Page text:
Ministry of Justice statistics released last month showed that 321 people died in prison custody during the year to the end of June 2016 – an increase of 30 per cent on the previous 12 months. They included 105 people who are thought to have taken their own lives.

Reported incidents of self-harm in prisons have risen by 27 per cent in a year. There were 34,586 reported incidents in the 12 months to the end of March 2016 – one every 15 minutes.

The number of assaults on prison staff has increased by 40 per cent. There were 5,423 incidents during the 12 months to the end of March 2016 – at a rate of almost 15 per day.

Frontline prison officer numbers

2013 2014 2015 2016
Prison Officers Prison Officers Prison Officers Prison Officers
National Offender Management Service (NOMS) HQ 40 40 40 40
Area Services 60 70 80 93
NOMS HQ and Area Services Subtotal 110 110 130 133
Askham Grange 20 10 20 21
Aylesbury 110 90 100 104
Bedford 110 100 120 110
Belmarsh 370 330 300 278
Berwyn * * * 5
Blantyre House 20 20 20 12
Blundeston 100 ** ** **
Brinsford 150 130 160 145
Bristol 160 130 130 113
Brixton 120 120 120 118
Buckley Hall 80 80 80 87
Bullingdon 190 170 160 182
Bure 110 130 120 114
Cardiff 200 160 160 148
Channings Wood 130 120 120 116
Chelmsford 180 140 160 150
Coldingley 80 80 70 83
Cookham Wood 100 80 90 95
Dartmoor 100 100 100 98
Deerbolt 130 120 110 103
Dorchester 70 ** ** **
Dover 120 100 100 82
Downview 80 60 40 45
Drake Hall 60 60 60 56
Durham 190 160 160 159
East Sutton Park 10 10 20 16
Eastwood Park 130 100 130 113
Elmley 210 200 180 182
Erlestoke 100 90 90 94
Everthorpe 110 **** **** ****
Exeter 120 110 120 105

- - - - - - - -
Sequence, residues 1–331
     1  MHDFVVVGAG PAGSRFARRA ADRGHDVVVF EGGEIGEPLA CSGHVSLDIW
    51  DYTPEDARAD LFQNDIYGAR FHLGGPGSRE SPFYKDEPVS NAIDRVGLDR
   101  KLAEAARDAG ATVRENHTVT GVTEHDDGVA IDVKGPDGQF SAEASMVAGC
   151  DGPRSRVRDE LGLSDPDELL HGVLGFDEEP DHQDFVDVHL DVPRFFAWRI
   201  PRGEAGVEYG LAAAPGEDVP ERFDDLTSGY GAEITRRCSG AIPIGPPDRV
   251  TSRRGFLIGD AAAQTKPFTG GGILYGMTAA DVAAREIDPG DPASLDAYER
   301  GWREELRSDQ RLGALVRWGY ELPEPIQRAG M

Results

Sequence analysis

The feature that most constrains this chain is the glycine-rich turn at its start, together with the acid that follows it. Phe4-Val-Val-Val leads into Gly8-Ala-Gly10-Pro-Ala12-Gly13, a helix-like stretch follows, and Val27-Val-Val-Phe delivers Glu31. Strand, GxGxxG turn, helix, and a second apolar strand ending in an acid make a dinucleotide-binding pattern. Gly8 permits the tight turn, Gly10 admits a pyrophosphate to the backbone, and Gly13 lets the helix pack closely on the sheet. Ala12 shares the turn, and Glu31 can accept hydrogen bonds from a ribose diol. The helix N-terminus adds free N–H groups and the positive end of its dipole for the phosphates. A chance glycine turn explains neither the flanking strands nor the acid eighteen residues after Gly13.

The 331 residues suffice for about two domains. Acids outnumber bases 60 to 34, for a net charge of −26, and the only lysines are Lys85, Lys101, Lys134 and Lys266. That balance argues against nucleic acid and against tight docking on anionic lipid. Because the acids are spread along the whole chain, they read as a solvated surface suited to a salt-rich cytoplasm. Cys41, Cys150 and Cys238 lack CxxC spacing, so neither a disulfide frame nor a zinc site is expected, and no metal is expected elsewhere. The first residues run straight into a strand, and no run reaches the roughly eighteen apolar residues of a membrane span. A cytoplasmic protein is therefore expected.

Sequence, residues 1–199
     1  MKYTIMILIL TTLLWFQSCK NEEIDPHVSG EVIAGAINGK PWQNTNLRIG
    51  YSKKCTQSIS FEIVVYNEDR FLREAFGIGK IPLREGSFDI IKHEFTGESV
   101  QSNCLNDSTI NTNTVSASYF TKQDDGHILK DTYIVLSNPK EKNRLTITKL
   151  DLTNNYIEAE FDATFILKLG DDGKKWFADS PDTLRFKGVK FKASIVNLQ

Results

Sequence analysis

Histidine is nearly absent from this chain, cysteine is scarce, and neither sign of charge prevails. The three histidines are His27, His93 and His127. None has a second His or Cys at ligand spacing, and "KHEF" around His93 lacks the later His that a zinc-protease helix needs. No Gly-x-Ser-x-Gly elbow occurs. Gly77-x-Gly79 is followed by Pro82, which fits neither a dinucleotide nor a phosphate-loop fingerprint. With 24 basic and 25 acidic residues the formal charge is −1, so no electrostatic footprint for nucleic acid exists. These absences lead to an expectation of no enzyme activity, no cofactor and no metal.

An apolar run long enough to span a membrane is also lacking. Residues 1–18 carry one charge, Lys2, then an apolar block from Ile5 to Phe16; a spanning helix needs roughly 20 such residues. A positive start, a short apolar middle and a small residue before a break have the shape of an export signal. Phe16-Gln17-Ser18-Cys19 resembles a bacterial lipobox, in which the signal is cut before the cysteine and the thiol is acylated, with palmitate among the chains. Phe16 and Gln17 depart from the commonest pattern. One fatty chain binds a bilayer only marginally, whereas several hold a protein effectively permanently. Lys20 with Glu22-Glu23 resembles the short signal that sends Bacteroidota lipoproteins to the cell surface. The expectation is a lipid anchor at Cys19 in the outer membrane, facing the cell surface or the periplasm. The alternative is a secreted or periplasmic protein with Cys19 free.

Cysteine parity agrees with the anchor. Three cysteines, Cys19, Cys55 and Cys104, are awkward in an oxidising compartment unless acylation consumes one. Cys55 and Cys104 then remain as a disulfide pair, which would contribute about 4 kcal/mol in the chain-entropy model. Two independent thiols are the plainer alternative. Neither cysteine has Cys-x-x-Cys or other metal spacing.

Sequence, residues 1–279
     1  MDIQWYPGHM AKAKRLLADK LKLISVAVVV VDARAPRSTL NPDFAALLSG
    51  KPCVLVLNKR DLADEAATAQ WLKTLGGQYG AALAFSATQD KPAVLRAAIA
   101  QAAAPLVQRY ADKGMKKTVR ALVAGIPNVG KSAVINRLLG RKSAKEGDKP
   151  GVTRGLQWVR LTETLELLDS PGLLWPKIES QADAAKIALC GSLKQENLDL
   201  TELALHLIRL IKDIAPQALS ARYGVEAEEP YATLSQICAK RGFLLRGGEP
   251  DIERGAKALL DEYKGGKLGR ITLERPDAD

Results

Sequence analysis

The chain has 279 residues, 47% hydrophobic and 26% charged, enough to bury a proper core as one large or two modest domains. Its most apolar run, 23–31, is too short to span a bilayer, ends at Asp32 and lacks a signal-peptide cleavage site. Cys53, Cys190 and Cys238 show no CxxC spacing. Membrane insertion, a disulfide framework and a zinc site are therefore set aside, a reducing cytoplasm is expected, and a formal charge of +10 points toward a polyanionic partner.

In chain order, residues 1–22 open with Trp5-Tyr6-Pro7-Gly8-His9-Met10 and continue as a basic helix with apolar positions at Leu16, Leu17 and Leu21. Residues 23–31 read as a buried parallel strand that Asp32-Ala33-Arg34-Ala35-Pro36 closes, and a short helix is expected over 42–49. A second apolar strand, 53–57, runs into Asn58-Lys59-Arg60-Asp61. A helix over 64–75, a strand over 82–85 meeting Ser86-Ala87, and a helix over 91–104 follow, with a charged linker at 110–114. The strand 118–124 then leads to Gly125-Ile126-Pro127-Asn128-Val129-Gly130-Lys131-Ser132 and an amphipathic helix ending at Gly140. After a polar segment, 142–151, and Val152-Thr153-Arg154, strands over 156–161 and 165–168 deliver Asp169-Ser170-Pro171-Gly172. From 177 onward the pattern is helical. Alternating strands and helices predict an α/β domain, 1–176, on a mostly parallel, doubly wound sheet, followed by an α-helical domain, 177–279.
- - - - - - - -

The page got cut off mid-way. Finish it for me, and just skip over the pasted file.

Featherstone 110 100 110 96
Feltham 300 280 260 258
Ford 50 40 40 47
Foston Hall 90 80 90 90
Frankland 450 420 420 407
Full Sutton 320 320 310 294
Garth 180 150 190 184
Gartree 140 130 160 148
Glen Parva 170 130 160 147
Grendon 100 100 110 105
Guys Marsh 110 100 100 98
Haslar 40 40 40 30
Hatfield *** *** 50 45
Haverigg 90 80 100 103
Hewell 220 170 190 179
High Down 200 150 150 158
Highpoint 210 190 180 191
Hindley 190 170 140 107
Hollesley Bay 50 50 40 41
Holloway 150 120 120 121
Holme House 270 200 190 178
Hull 230 180 180 194
Humber **** 110 170 158
Huntercombe 70 70 70 78
Isis 130 110 120 112
Isle of Wight 300 230 260 249
Kennet 90 50 80 96
Kirkham 60 60 60 58
Kirklevington Grange 40 40 50 37
Lancaster Farms 140 110 110 110
Leeds 260 200 200 185
Leicester 90 80 100 87
Lewes 150 140 140 127
Leyhill 50 50 50 44
Lincoln 130 120 140 120
Lindholme 150 160 160 167
Littlehey 180 180 180 172
Liverpool 240 210 200 195
Long Lartin 320 290 280 262
Low Newton 110 100 100 116
Maidstone 110 90 90 83
Manchester 380 340 330 311
Moorland 220*** 200*** 140 160